The findings from the phase 3 trial showed that in COVID-19 outpatients with risk factors for developing severe disease, early REGEN-COV administration reduced the risk of hospitalization or death due to any cause. This is in corroboration with the phase 1-2 clinical trial findings that showed that REGEN-COV decreased viral load, need for medical assistance for COVID-19 related events, and hospitalization risk. Both the doses of IV REGEN-COV tested, 1,200 mg and 2,400 mg resulted in reduced COVID-19 related hospitalization and death during the follow-up period of 28 days after administration. In hospitalized patients, REGEN-COV reduced the duration of hospitalization and the incidence of ICU admissions. In addition, when both doses were tested, REGEN-COV resulted in faster attenuation of symptoms than placebo by a median time of 4 days.

Single-dose REGEN-COV therapy to COVID-19 outpatients may effectively reduce morbidity like hospitalizations and ICU admissions and confer speedy recovery from COVID-19, preventing the prolonged recovery periods associated with COVID-19 infection.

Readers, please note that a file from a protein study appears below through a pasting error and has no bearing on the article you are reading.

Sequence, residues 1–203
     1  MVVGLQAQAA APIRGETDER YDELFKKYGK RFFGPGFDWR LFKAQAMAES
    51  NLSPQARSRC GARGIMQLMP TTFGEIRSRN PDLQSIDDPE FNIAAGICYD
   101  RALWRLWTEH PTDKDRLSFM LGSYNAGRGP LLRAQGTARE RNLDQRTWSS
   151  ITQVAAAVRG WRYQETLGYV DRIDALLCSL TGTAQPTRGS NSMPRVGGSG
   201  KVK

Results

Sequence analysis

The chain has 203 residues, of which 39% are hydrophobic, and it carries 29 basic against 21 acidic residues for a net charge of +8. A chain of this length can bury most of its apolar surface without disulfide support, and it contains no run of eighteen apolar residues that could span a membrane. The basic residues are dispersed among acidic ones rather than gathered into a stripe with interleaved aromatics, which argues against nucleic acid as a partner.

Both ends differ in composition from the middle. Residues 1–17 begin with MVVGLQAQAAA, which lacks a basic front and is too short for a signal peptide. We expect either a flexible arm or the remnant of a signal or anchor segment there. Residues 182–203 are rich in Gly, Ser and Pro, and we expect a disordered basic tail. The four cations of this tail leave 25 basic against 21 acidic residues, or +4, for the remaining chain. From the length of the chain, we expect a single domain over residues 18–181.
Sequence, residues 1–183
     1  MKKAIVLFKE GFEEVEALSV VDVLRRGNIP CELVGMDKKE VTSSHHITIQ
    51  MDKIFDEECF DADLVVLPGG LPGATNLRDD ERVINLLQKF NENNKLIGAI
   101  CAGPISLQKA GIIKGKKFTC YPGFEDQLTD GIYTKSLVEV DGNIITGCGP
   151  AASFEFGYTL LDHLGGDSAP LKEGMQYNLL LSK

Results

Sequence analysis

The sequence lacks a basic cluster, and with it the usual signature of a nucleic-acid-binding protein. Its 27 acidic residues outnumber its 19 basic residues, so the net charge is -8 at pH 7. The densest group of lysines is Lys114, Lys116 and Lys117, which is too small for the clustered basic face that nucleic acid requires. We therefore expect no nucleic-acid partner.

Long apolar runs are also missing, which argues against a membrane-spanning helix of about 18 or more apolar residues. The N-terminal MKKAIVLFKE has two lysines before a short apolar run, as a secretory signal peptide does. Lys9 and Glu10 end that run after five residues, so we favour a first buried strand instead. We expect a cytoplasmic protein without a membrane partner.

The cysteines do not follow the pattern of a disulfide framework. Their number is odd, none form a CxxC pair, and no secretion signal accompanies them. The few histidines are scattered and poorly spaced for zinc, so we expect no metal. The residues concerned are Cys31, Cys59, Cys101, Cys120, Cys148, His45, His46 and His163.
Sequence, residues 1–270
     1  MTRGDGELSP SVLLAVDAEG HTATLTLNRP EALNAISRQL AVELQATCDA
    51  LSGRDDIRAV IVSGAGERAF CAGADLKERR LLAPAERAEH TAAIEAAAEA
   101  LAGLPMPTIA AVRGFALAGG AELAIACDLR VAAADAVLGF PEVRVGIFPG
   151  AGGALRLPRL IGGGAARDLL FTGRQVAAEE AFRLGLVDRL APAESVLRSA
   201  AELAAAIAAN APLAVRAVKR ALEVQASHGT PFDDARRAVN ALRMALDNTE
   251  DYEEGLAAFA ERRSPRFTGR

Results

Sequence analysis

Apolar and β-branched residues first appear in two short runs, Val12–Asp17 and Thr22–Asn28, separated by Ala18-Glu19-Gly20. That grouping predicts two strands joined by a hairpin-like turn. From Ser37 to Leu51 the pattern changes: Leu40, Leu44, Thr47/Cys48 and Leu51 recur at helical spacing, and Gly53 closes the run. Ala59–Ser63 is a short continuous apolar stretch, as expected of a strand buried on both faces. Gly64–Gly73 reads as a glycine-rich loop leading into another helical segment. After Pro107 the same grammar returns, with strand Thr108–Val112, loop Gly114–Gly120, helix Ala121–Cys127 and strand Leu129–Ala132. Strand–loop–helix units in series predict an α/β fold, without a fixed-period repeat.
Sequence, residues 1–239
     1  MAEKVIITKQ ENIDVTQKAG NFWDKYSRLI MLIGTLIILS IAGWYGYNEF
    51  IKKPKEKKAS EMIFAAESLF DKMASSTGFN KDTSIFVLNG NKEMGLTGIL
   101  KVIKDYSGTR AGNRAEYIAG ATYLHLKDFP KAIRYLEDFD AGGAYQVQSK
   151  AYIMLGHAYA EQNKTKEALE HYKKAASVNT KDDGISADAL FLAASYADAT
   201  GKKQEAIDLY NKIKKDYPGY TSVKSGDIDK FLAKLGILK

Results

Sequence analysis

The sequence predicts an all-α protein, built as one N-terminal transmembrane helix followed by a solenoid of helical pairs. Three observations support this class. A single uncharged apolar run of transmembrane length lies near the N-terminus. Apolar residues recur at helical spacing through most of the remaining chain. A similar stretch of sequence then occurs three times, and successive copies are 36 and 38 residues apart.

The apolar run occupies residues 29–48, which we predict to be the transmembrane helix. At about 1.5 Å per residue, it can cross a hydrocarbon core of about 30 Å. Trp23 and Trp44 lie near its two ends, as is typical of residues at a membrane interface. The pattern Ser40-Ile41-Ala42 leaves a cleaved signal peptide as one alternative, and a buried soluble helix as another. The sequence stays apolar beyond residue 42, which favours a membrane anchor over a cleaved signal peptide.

REGEN-COV reduced viral load in COVID-19 patient population in the study

REGEN-COV at both doses tested improved health outcomes and produced significant clinical benefits regardless of the baseline serum antibody status. Both the doses tested produced a faster reduction in viral load and produced similar clinical benefits.

The findings from the trial show that in patients in the placebo group who had high viral loads at baseline, there was an increased incidence of COVID-19 associated hospitalizations and death. Further, these patients cleared the viral load more slowly than others who did not require hospitalization and who survived.

In phase 1-2 of the trial, patients who were tested at baseline to be serum antibody-negative had a higher incidence of visits for medical assistance than serum-positive patients. However, in the phase 3 trial, there was no difference in hospitalizations or death based on their serum antibody status in the placebo population. This may suggest a possibility of an inadequate immune response in serum antibody-positive patients who suffered COVID-19 related hospitalizations or died. It was observed that these patients had a high baseline viral load similar to the serum antibody-negative population.